This blog contains postings of news clippings that concerns Overseas Filipinos, Migration and my diary of important events as an Overseas Filipino Worker in the Kingdom of Saudi Arabia – Bong Amora
GENEVA, 10 December 2010—On International Human Rights Day, the human rights community is celebrating the new UN guidance that offers specific recommendations on regulating and monitoring recruitment processes and working conditions for migrant domestic workers, avoiding sponsorship and other high-risk immigration policies, and increasing access to justice and family unity.
As the world commemorates International Human Rights Day today, 10 December, the International Catholic Migration Commission joins NGOs, migrant associations, labour and trade groups, and domestic workers everywhere in celebrating the release of the new UN guidance on protecting the human rights of migrant domestic workers.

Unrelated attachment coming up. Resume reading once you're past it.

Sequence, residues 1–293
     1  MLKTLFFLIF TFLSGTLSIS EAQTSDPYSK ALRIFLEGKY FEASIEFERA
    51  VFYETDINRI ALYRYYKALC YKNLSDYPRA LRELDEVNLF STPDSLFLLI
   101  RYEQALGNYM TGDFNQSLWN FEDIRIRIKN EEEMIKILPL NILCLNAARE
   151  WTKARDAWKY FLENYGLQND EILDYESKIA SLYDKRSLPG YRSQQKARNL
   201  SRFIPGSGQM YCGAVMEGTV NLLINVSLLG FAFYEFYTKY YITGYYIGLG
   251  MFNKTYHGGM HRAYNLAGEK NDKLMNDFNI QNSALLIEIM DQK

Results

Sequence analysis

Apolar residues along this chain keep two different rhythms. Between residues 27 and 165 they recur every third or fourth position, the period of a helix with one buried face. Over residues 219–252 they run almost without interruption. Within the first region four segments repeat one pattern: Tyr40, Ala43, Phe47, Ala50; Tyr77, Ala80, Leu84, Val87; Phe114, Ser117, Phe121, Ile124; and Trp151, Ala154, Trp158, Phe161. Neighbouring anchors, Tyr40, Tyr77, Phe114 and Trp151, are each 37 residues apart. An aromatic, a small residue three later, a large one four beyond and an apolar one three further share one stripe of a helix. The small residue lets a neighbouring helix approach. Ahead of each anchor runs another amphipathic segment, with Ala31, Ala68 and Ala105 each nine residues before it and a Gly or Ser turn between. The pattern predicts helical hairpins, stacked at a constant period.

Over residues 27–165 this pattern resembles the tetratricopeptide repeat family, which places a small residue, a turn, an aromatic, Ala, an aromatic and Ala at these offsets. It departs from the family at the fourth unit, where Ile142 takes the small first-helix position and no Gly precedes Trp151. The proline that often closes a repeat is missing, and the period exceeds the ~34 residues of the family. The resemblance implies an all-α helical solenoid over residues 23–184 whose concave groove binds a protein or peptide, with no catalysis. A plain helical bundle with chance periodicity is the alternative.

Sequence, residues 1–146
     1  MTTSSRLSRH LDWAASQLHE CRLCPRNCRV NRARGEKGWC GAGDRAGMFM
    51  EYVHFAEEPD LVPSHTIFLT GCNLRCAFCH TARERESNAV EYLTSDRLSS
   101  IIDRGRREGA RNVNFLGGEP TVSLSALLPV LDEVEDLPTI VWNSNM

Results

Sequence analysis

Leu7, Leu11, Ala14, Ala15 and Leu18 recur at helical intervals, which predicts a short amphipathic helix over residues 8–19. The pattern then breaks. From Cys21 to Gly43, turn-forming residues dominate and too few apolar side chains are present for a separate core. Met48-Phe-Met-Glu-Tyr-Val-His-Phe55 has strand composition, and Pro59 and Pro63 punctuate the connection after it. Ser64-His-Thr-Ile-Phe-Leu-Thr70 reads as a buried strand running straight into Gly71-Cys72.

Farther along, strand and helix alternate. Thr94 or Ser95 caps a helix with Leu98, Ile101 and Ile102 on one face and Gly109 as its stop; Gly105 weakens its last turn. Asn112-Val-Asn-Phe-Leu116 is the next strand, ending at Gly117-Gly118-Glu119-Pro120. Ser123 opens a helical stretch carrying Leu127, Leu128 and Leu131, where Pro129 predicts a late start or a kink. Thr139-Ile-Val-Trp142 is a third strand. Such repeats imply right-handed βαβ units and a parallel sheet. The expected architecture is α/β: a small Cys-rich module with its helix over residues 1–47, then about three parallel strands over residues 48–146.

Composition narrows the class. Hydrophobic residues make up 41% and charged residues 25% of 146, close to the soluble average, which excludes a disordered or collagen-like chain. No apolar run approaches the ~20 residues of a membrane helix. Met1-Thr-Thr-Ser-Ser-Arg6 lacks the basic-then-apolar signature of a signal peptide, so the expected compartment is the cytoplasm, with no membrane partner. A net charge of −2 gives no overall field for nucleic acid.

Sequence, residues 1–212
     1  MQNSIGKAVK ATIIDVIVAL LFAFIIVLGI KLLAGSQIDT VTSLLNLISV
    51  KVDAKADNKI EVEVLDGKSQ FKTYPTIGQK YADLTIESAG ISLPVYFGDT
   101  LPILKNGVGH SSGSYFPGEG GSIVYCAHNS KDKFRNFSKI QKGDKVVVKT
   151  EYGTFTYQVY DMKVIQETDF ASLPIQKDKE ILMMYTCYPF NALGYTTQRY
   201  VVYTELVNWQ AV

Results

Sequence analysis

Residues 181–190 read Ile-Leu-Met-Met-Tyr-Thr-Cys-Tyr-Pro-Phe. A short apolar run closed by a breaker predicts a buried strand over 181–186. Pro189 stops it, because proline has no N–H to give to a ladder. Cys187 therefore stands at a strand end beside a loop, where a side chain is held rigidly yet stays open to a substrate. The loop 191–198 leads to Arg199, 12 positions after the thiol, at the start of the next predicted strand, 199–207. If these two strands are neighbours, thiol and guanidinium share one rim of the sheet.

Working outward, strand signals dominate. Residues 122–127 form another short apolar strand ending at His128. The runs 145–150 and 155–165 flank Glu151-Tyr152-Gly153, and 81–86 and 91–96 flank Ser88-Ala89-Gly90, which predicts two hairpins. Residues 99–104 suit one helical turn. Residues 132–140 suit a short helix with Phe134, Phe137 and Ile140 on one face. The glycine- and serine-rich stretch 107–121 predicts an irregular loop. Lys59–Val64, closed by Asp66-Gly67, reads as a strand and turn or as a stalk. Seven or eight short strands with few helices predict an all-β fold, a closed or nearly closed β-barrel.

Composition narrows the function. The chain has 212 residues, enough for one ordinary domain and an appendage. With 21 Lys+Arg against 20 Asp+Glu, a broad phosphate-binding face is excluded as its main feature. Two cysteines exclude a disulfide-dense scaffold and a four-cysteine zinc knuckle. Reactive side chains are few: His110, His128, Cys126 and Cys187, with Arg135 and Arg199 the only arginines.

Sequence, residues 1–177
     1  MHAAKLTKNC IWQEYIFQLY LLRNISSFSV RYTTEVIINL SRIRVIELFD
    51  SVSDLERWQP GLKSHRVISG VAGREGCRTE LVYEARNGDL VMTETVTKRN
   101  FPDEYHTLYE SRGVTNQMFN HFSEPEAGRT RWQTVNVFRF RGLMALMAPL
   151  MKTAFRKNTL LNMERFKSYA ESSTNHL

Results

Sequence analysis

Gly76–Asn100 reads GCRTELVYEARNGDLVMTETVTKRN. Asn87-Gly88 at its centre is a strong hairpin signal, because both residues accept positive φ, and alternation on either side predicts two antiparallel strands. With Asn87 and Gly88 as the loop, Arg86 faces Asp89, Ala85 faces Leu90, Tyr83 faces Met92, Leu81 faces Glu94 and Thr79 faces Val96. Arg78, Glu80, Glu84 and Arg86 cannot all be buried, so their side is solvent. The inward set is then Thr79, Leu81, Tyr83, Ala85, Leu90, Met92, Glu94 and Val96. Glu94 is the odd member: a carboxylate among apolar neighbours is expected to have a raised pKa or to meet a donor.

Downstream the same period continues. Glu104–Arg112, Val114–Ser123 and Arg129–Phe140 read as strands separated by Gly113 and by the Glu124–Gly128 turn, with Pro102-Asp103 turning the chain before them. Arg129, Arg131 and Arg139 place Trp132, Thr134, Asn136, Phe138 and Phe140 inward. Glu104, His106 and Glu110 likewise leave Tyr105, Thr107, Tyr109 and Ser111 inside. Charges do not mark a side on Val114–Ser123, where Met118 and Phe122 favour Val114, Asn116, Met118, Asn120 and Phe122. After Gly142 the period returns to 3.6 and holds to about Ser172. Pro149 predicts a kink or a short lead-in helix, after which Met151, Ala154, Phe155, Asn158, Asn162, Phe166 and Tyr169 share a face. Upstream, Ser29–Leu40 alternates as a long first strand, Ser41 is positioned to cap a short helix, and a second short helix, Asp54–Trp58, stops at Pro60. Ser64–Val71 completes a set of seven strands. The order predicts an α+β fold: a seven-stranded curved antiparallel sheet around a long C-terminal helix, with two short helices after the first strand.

The guidance was adopted 2 December as a “General Comment” by the UN Committee on Migrant Workers to provide States with guidance on how to implement their obligations under the 1990 Migrant Workers Convention—one of the nine core international human rights treaties. The Comment notes that millions of people—as much as 10% of all workers in some countries—perform domestic work.
“This guidance”, says John Bingham, ICMC Head of Policy, “provides one more ‘Yes’ to the questions: Are human rights for everybody? Are there practical ways to implement and protect those rights?” “The resounding ‘hurray’ among domestic workers worldwide speaks not only to how long they have waited for attention to their rights and protection, but to the great hope and expectation that this guidance has created.”
ICMC, together with Caritas Internationalis and the International NGO Platform on the Migrant Workers Convention, led the civil society effort in the development of the guidance, which points to the lack of reference to domestic work and domestic workers in a broad range of national and international frameworks of law and, over the course of its thirteen pages, makes thirty-eight recommendations for change in both laws and practice. read more>>>>>